Technology continues to develop at a dizzying
pace, and it’s safe to say that designers are feeling the pressure to add the latest bells and whistles to their interiors projects, all in the name of capturing that high-tech feeling. However, as James Woolum AIA, IIDA, design principal at HMC Architects, told me during an interview for our story on the new McAfee Executive Briefing Center (EBC), just because the latest technology is showcased in an interior doesn’t necessarily make it successful.
“I think in some design schemes—even very nice ones—the technology almost becomes like artwork. It becomes interesting in that it’s maybe content-rich and it adds liveliness to the space, but if I walk in, it doesn’t necessarily speak to me as a person,” he says.
In the case of McAfee, technology was absolutely central to the programming of the space, and given the client’s brand and mission, it necessitated a much more high-tech approach than what would be required for a typical corporate headquarters project. Nevertheless, the design team at HMC carefully constructed an architectural narrative that enabled EBC visitors to experience the McAfee brand in a personalized way, rather than just relying on the technology to act as eye candy.
For example, each visitor is given a customized USB key to plug into a massive, suspended digital touchscreen “Solutions Table” at the heart of the space—the key enables them to share files across the table with colleagues and download the content they explore via drag and drop. Personalization within the technology, in other words, was as important in the design scheme as the choice of furnishings or materials.
More often than not, the key to striking the right balance between a design concept and the more technical details of a space is to bring A/V and other tech professionals into the process early, so both sides can fully understand how the project will come together—a topic we explore in our feature article “Playing Nice."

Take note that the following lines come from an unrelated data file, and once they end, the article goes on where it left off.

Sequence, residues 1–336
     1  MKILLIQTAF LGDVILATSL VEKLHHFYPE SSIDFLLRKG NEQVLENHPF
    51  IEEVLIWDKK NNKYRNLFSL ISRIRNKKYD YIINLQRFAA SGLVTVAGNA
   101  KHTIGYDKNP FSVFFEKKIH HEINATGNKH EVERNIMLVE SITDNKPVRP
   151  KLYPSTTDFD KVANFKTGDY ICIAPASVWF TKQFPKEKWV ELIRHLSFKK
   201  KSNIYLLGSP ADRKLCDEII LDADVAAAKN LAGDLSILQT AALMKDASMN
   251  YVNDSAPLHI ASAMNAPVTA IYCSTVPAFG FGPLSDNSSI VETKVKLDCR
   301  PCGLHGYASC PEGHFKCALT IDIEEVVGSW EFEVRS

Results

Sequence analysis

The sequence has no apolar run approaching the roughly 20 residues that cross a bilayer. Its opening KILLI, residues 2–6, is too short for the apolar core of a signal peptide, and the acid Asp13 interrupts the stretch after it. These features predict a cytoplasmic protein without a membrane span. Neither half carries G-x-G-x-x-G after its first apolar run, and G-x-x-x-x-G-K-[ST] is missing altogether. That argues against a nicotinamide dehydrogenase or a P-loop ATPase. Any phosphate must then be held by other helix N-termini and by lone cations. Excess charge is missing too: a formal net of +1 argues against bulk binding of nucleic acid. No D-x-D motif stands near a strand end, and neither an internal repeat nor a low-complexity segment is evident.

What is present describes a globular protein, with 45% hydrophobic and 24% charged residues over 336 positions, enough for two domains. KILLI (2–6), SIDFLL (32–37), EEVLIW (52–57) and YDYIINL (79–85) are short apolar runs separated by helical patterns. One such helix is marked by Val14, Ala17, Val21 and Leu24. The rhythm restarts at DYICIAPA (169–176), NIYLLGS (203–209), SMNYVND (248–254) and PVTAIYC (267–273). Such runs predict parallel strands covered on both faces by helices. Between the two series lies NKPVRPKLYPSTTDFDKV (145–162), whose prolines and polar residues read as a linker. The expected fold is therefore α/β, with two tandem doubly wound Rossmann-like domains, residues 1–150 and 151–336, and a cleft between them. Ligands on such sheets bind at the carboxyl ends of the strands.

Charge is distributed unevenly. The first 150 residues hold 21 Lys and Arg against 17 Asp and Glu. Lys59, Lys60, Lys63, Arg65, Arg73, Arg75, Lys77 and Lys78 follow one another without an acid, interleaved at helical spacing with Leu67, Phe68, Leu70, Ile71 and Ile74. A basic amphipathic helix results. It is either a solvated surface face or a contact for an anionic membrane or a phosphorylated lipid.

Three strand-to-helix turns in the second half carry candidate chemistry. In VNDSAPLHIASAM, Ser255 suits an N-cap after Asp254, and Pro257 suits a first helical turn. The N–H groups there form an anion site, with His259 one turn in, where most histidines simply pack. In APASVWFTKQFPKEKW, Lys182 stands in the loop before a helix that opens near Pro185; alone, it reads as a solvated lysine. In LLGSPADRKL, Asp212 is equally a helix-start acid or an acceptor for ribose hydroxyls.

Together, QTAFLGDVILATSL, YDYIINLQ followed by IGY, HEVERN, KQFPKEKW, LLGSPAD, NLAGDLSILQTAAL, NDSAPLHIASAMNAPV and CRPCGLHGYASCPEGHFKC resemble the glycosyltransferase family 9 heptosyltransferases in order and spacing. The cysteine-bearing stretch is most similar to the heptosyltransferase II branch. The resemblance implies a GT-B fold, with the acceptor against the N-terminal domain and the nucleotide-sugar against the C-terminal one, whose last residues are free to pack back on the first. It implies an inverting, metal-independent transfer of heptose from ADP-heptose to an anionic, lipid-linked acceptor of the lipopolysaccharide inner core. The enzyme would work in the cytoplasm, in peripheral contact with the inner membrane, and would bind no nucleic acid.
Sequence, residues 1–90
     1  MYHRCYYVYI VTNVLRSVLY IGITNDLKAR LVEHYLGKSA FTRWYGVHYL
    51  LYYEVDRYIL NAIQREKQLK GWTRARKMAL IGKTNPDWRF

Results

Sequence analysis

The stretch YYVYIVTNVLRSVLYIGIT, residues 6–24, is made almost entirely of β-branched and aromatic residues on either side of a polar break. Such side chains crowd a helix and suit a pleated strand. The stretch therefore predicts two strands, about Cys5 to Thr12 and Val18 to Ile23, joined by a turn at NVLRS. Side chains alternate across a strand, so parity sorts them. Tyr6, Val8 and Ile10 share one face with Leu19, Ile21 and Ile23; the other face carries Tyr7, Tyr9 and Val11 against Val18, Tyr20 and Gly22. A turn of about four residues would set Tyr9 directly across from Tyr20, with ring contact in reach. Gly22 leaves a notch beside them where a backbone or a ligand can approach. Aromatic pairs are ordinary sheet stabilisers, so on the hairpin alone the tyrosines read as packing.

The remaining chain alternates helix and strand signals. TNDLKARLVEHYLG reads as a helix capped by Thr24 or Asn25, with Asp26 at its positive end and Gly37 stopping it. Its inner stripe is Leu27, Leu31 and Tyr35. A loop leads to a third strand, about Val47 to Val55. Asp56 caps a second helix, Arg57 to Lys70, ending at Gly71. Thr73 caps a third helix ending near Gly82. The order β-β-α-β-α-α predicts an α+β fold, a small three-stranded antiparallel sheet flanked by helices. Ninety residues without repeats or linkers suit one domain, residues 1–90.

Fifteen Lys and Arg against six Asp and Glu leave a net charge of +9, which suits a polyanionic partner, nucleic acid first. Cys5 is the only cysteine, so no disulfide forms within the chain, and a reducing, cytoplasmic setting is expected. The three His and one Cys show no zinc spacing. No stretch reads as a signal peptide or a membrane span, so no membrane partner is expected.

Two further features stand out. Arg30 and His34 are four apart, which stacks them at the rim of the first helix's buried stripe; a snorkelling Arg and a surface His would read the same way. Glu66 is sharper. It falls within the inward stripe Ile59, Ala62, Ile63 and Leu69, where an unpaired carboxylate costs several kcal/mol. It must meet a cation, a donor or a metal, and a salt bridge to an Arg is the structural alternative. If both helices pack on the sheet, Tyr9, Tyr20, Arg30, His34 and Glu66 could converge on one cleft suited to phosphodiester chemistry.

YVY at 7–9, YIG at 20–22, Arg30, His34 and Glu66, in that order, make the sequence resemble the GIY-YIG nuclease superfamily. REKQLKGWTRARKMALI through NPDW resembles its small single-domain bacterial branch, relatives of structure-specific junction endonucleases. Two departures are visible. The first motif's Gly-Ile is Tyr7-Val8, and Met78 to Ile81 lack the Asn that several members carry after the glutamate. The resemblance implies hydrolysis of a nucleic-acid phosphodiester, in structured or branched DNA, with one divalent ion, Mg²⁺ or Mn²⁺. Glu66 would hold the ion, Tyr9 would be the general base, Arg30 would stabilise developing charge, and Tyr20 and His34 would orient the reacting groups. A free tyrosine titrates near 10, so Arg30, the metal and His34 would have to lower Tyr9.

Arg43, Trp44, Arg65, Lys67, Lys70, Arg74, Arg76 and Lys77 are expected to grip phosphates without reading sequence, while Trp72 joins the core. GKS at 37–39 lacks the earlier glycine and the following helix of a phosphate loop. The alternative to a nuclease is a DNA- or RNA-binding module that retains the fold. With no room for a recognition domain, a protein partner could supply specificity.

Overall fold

“Interior designers don’t necessarily understand or fully appreciate the technical constraints or the costs of implementing their vision,” says Jennifer Davis, vice president of marketing for Planar Systems. On the flip side, she admits, “integrators don’t always appreciate the subtleties of what the designer is asking for: why it’s important that this product is placed exactly where they designed it to be placed, or at the height it’s designed to be placed at or that it’s cladded in the materials that they want.” But this can be a good thing as long as both parties learn to communicate, educate and trust each other in order to arrive at the best solutions.
One example of a successful project that strikes an elegant balance between technical and aesthetic details is a new office concept from American Family Insurance called the DreamBank—a homey, comfortable and tech-filled space in the heart of Madison, Wis., created by retail design giant Chute Gerdeman.
“One of the messages they wanted to get across was that they are on the forefront of technology, but at the same time, we were careful to not make this feel like a cold, computerized place,” says Steve Boreman, senior designer, brand communications with Chute Gerdeman. In order to translate that message without pushing the tech side of the equation too far, the design team created two distinct entrances to the DreamBank—one as a more traditional office setting with a red welcome wall featuring digital frames, and the other, an interactive exhibit area with touchscreen kiosks that allow visitors to access social media.
Of course, we realize that it’s easier said than done to unplug (so to speak) from the immense connectivity at our fingertips, so as long as we’ve all got our faces buried in our smartphones and tablets, why not make some productive use of that time? In our second annual app roundup, Managing Editor Adam Moore has compiled a list of some of the coolest, most innovative and just plain handy apps on the market for both Apple and Android devices that you’ll want to consider adding to your mobile arsenal.
Just be sure to keep your eyes forward while using these apps on the go, and refrain from using them while driving, of course. If I may coin a phrase, “Tech Responsibly.”